September again. I read two books out of the four on my reading list–the Wilberforce biography and My Antonia.
My Antonia was lovely: I read it during a weekend when just my dad and I were home, and I did nothing else, really, except talk some and cook some and play the piano. Willa Cather painted a couple of her characters so well that I feel I’ve known them in real life: Jim’s grandfather with his crinkly white beard and piercing blue eyes, and solemn kindness; Jim’s grandmother, walking slightly bent but with alertness and a determined step. Mr. Shimerda, gazing worshipfully at the Christmas tree with haunting, sorrowful gaze, and Antonia.
Antonia is almost like the landscape, itself a character in the story. Honest, open, kind–and terribly vulnerable, Antonia doesn’t really change, though others around her do. Jim changes, and when he visits Antonia and her children, you see how he appreciates the constancy of Antonia, certain as the prairie sun, setting wide and orange on the red grass. She hasn’t changed, not really.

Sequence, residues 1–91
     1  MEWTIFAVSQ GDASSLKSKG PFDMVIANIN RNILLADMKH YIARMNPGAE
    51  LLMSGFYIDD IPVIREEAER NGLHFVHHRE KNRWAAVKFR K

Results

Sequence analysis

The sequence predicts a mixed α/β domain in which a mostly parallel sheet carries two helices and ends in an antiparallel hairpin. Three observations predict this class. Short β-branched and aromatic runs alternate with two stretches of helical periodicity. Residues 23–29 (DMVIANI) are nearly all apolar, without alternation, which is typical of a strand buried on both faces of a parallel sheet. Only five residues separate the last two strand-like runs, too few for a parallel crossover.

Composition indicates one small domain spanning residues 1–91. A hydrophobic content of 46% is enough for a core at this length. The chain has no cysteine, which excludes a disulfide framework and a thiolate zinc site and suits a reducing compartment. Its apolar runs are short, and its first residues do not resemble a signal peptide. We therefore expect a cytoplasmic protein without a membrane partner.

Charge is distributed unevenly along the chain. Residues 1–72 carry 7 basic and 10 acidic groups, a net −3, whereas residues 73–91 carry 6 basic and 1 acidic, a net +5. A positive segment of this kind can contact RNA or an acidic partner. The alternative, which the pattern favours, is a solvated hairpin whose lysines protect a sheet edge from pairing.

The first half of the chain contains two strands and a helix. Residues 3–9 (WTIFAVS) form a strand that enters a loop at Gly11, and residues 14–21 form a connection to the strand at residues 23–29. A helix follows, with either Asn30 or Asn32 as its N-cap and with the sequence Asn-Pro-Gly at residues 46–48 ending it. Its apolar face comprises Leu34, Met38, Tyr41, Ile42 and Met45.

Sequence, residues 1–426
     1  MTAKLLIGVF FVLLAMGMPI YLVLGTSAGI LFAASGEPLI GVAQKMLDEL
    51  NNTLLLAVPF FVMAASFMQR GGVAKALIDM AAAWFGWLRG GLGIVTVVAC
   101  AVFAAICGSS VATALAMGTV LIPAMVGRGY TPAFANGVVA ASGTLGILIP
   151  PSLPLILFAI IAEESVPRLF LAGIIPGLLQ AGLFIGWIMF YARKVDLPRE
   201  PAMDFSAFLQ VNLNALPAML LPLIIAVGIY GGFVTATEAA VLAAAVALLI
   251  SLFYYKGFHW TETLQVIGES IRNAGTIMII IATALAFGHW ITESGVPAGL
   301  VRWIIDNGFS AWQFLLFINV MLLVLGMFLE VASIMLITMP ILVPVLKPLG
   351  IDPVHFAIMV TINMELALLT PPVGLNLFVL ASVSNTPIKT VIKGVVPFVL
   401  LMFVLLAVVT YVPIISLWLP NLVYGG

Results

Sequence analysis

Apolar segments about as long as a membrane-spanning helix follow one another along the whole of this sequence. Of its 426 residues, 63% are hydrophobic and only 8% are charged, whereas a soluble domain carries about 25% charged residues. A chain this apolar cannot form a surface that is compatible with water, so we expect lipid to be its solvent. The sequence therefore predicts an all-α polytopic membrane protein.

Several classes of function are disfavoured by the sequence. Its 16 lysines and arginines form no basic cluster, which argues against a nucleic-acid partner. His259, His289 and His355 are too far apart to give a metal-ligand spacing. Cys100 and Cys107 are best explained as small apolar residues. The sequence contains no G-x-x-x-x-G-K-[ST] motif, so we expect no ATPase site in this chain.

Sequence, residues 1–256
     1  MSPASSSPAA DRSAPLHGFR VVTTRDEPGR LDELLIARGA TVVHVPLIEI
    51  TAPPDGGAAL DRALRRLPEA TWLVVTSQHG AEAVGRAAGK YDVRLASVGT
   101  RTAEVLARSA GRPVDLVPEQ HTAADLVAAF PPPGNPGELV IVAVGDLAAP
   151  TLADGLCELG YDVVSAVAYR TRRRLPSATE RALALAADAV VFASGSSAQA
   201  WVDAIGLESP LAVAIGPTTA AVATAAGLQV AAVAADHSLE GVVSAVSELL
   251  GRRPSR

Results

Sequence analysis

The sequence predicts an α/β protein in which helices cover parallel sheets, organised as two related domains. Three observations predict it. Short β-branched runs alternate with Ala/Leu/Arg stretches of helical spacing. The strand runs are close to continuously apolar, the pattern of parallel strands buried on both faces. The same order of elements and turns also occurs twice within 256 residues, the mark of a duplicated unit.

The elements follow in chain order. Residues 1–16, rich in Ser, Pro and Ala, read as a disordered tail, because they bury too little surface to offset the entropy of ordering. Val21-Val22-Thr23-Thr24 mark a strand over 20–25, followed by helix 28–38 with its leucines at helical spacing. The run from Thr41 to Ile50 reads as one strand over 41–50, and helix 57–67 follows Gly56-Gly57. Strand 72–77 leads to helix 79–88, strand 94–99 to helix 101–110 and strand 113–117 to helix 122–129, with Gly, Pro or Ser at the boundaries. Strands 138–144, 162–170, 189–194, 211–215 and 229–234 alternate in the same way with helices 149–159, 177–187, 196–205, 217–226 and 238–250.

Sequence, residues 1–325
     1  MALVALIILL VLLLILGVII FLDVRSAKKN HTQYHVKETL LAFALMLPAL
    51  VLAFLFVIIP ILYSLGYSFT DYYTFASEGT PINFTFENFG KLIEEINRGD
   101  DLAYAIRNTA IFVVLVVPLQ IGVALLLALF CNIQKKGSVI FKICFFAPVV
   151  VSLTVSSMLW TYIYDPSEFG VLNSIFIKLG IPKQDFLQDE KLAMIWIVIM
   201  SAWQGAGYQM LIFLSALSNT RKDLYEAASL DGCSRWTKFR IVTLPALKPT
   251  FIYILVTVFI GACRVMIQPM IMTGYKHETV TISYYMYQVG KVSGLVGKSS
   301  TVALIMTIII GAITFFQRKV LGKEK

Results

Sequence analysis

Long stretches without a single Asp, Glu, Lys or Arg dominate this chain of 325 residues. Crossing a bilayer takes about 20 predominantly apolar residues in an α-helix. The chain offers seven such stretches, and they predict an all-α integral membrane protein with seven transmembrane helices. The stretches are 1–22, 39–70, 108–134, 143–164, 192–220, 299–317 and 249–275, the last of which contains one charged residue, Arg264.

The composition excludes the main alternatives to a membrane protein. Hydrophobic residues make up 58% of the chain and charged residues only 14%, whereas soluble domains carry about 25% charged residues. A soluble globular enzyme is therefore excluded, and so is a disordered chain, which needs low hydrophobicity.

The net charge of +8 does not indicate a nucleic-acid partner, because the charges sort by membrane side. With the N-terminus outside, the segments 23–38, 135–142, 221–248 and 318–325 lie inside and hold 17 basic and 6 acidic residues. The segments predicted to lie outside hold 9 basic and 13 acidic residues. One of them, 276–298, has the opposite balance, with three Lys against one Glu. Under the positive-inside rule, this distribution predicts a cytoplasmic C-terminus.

Read the book for sunsets and sadness and for Antonia, because I’m not Willa Cather and I can’t summarize how she writes.
The Wilberforce book was good and inspiring because of William Wilberforce and what he made his life stand for, but Metaxas did the thing again where he went off a bit too long on his own metaphors. But I would probably do the same thing, so I still recommend the book.
In other news, my garden is full of weeds, and the blueberry bushes I was nurturing are utterly dead. I quit Twitter and haven’t missed it in the slightest. I visited yesterday with some people who knew me when I was an infant, and I took communion in the pews where I sat as a five-year-old, in awe at the grown-ups around me murmuring the Lord’s Prayer in reverant harmony.
My dear friend asked me to marry him, which means that someday maybe I’ll get to write that letter to Aglet about “How I Met Your (Future Hypothetical) Grandfather,” after all:)
I hope to get back to writing something regularly, regardless of how many read it.
Thank you for reading.